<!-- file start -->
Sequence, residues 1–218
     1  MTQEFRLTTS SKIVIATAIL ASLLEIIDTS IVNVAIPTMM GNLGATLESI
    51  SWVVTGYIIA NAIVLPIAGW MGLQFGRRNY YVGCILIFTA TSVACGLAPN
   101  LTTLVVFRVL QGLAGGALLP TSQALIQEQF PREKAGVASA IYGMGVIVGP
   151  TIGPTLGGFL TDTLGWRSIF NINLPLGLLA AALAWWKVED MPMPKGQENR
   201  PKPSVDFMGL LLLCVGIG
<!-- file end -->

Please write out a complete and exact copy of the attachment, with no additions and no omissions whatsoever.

Sequence, residues 1–218
     1  MTQEFRLTTS SKIVIATAIL ASLLEIIDTS IVNVAIPTMM GNLGATLESI
    51  SWVVTGYIIA NAIVLPIAGW MGLQFGRRNY YVGCILIFTA TSVACGLAPN
   101  LTTLVVFRVL QGLAGGALLP TSQALIQEQF PREKAGVASA IYGMGVIVGP
   151  TIGPTLGGFL TDTLGWRSIF NINLPLGLLA AALAWWKVED MPMPKGQENR
   201  PKPSVDFMGL LLLCVGIG